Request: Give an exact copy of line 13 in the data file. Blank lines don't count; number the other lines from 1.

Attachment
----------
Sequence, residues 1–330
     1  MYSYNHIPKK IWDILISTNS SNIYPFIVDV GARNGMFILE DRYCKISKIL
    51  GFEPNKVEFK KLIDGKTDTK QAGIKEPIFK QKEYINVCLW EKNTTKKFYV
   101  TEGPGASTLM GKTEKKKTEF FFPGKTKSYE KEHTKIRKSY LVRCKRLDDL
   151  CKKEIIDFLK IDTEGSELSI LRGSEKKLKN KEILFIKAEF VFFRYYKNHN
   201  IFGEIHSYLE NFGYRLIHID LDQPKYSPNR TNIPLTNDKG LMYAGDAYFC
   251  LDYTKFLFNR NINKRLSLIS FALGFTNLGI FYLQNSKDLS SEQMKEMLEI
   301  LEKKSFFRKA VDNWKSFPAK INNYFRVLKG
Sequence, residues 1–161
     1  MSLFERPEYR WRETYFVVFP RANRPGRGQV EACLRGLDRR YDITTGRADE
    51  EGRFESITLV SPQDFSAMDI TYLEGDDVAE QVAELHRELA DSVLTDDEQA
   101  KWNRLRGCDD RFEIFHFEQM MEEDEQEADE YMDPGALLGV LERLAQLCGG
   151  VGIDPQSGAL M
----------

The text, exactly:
   151  VGIDPQSGAL M